Not long after breakfast, more cars come in to park and walk. Some of the occupants check out the waterfall, but a few head straight up
. One couple are gone for an hour or two, but 3 fellows head off for hours only returning just before we pack up. Some cars drive past on their way up to the lookout, but a group of three turn around and come back. I head over to flag them down to ask if the gate is locked. The first car has two blokes in it and the driver gets on the CB to ask one of the other cars if the gate was locked or not … he said it looked locked so they decide to turn around and double check it. I tell the blokes that the car park at the top has a great view that they wouldn’t want to miss out on and the track is a good 4wd for them. They turn around and we don’t see them again for a little while. When they finally return, they beep and wave before heading back out. I suggest heading up there to Glenn, but he’s not so keen on it this trip. Mount May
We clean up after breakfast, and throw the ball for Telashi till she’s puffing quite a bit. Nice to see her getting some good exercise as my yard at home is too small for a good run. Once again she stops for a drink, so we put the ball away. She spends the rest of the day sitting at the back of the car staring upwards … the ball thrower is on the tray.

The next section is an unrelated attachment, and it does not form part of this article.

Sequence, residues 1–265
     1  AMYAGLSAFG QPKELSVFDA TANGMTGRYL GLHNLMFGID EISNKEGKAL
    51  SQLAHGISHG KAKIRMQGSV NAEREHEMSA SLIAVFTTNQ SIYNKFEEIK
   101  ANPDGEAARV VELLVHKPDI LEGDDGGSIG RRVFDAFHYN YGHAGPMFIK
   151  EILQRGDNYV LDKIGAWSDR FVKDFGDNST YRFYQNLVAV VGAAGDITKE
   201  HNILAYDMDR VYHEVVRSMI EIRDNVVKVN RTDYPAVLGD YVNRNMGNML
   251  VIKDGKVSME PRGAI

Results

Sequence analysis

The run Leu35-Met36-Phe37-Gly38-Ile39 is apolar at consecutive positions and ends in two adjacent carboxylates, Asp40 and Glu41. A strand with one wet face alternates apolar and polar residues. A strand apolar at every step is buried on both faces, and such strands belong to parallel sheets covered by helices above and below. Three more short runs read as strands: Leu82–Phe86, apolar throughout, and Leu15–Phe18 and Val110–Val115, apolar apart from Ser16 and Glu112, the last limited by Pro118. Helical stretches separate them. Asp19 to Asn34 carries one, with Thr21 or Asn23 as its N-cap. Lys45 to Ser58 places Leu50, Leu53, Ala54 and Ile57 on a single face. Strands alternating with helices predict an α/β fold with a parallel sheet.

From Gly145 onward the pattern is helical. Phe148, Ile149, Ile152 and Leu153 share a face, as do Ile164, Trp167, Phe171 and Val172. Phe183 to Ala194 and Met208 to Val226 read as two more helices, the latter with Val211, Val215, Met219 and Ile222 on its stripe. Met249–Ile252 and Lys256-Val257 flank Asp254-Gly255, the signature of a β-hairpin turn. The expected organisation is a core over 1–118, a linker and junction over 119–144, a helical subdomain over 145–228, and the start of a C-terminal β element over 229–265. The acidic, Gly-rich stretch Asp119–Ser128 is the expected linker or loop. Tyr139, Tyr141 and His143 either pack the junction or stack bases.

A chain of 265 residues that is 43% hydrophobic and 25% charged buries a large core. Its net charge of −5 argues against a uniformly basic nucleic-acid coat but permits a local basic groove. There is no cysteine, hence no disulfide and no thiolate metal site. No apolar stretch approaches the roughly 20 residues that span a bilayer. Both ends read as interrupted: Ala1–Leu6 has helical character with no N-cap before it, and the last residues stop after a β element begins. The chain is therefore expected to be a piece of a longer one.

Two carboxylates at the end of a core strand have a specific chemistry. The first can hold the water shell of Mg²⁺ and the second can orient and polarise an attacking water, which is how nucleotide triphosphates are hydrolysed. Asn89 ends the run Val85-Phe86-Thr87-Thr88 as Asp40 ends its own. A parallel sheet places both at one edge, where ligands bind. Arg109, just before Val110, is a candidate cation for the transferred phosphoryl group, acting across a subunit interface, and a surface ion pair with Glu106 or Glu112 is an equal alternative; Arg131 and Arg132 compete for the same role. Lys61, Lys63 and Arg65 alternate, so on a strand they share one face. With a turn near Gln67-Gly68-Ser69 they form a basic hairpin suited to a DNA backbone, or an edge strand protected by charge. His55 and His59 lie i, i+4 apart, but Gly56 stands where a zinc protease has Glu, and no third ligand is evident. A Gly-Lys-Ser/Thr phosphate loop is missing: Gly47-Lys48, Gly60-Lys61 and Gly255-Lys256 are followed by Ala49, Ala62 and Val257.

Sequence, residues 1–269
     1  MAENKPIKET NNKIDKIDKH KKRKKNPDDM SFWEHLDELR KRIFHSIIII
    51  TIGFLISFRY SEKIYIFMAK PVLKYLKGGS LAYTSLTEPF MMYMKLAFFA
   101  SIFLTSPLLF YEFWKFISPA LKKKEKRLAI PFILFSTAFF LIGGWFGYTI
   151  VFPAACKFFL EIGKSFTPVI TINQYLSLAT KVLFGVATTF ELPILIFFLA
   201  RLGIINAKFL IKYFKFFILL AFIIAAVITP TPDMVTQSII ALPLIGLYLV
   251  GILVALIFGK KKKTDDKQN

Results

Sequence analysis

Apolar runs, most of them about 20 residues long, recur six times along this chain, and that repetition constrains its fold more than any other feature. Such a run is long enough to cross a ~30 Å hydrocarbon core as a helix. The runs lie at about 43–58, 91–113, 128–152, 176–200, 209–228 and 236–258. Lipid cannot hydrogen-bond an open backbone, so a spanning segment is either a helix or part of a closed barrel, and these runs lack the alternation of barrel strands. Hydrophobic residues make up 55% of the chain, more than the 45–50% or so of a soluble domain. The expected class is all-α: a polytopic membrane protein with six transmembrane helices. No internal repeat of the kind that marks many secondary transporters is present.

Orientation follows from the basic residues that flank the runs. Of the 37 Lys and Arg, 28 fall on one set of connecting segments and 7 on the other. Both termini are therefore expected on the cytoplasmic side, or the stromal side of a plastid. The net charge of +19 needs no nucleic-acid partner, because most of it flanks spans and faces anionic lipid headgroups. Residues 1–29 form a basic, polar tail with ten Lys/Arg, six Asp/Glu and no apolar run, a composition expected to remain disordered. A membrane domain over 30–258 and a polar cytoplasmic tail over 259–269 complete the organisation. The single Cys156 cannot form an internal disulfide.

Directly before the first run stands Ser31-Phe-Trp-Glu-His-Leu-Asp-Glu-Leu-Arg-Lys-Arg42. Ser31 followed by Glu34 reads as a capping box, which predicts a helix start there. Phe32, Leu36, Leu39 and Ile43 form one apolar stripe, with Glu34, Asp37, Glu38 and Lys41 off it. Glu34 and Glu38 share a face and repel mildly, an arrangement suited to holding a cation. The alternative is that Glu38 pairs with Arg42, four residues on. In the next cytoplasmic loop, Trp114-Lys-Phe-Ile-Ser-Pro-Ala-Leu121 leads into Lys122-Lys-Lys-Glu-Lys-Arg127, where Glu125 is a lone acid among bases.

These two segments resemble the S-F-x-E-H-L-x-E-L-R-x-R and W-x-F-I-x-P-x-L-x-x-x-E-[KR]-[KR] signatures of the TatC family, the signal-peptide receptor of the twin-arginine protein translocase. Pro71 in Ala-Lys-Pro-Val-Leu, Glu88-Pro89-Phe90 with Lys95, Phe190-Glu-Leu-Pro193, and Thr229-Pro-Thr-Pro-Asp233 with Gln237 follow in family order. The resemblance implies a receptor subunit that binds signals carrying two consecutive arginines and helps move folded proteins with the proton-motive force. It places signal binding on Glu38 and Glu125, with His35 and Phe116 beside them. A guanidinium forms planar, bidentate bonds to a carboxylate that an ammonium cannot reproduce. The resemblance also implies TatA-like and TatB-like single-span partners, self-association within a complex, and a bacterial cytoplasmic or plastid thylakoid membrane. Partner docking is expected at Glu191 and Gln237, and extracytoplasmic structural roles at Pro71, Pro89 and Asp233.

We agree that we must walk up the hill to where Glenn went yesterday. He tells me the view is nice from there and it “will be good for me” … I’m sure my doctor would also agree with that last one. So we pack a few things in the backpack, grab the dog leads just in case and head up. We get about half way up when Jack turns around and heads back down. He’s ignoring me telling him to stop and I get almost all the way back down before I can stop him. Guess his legs are as jelly like as mine. I snap the lead on him and we head back up. Feeling confident this will be the last time I do this, we make it to the top of the first in a series of cliff faces. I ask if we are going up further, but it seems this is where we’ll stop. Jack and I sit to catch our breath and Glenn and the other two dogs head a little further up. The view is rather nice. I can see that we aren’t all that far from neighbouring houses should something go wrong at camp. About 15 minutes later we are on our way back down. Back at camp my legs do indeed feel like jelly. I think I need to climb hills more often. Bet I’ll feel my leg muscles tomorrow more than I have for awhile.
We head inside the camper to lay down for a bit before we have to think about packing up in earnest. I check my watch and see it’s after midday. We’d best be having some lunch and starting our pack up rituals before too long as Glenn wanted to be on the road by 1400 so we still had a bit of sunshine once home. So after a sandwich, we start packing things up, but we are doing things slowly as we’ve got well over an hour to do it.
One last car pulls up as we close up the camper at 1400 and does a drive around our campsite. They pull into camp # 1 while we lock the locks up and hitch up to the ute. Driving the ute forward, we stow the ramp and chocks and do all the final checks: everything locked, hitch secured, lights working, puppies secured … and we are on our way home. 11.5AH
Trip Kilometres: 240
Trip Duration: 48 hours